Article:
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  • Chandler Farnsworth

Beginners fishing equipment setup

As spring hits its prime, more and more fishing rods are sinking to the bottom of lakes. For those who enjoy fishing know that it is a relaxing yet exciting time all in one, though not both at the same time. Knowing what fish you want to catch, the topography of the lake, and when spawn season is are crucial to catching.


But before you do any research on the fish and lakes, you need to get the equipment to even be able to fish! Here is a quick list of essential items for any beginner angler with and price estimations to accompany.


1- First and foremost, the fishing rod and reel. $20-30


Most of the time you can buy what is called a combo, which contains both the rod and real. More top of the line gear requires you to buy the items separately and attach them. The two types of combos come down to the bait caster and the spinning reel.



Spinning reel Bait caster


2- Fishing line


Most combo rods come with line that is ready to use in the reel. If you would like to buy your own, there are three types to keep in mind.

1) Monofilament- less dense, more sensitive, more visible in clear waters, inexpensive

2)Fluorocarbon- more dense, most sensitive, least visible, more expensive

3) Braid- most dense, more sensitive, most visible, most expensive


3- Tackle $5-$....



What you tackle selection consists of depends on what you're trying to catch or do. To start off you can start with just a simple j-hook with earthworms attached. As you begin to know the lakes you fish in better, as well as what exactly you want you catch then you can purchase gear more accustomed to a specific fish. Soft baits are a good starter for any beginner angler.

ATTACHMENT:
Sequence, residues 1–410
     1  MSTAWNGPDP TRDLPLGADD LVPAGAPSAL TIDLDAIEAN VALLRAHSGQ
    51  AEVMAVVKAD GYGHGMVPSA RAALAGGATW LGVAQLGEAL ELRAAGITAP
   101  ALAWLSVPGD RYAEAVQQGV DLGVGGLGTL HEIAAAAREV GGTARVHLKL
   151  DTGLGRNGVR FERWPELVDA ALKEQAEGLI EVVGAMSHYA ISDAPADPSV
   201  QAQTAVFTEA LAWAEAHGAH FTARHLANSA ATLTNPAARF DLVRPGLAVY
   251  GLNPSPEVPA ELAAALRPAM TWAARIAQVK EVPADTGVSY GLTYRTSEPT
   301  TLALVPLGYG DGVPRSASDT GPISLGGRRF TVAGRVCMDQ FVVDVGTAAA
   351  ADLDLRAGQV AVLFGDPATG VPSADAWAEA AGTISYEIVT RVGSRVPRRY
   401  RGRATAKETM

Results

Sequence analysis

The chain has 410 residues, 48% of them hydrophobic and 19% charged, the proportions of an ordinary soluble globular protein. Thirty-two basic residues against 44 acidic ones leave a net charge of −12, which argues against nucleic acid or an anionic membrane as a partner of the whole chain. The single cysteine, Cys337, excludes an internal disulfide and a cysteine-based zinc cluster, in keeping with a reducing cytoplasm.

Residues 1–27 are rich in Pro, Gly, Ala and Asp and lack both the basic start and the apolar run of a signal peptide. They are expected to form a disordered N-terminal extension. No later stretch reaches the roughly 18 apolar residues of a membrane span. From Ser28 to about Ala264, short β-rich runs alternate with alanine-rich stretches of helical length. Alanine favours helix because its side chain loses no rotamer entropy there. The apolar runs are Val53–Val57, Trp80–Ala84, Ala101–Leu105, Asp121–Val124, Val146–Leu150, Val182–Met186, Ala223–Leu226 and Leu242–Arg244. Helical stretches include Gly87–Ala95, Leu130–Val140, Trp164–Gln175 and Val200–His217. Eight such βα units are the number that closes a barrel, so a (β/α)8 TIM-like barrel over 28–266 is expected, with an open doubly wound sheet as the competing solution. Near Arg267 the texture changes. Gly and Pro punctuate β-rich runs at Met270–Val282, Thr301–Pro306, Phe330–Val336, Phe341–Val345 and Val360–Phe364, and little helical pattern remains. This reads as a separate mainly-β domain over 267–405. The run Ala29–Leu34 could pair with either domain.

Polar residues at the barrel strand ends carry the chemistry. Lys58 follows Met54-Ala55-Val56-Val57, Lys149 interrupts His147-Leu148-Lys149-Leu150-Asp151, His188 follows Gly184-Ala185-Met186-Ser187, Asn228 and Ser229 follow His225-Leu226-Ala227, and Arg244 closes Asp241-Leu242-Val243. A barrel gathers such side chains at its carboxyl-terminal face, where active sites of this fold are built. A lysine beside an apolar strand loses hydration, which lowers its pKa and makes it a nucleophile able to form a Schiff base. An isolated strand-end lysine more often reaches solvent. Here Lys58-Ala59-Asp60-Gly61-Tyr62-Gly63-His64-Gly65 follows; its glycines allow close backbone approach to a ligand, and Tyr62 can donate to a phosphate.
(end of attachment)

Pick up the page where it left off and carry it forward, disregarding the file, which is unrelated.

4- Tackle Box $5-$20


You can't have tackle without something to carry it in. A tackle box doesn't have to be anything luxurious or grand as long is it fulfills its purpose. A small organized box or container can suffice.


5- Hand tools $7-$20



Having a multitool will be one of your best friends during fishing. Being able to cut, ply out hooks, and much more will come in handy out on the water. It saves you time trying to figure out how to cut a line you got stuck or even better yet, saves your fingers by having pliers to get the hook out safely.


6- Fishing License (Nebraska)


For the year of 2020


1 Day- Residents $10, Non-Resident $13

3 Day- Residents $31, Non-Resident $37

Annual- Residents $52, Non-Resident $76


Total cost for a 1 day fishing trip for a Nebraska resident would be approximately $47-$80.

Total cost for a 1 day fishing trip for a non-resident would be approximately $50-$83.

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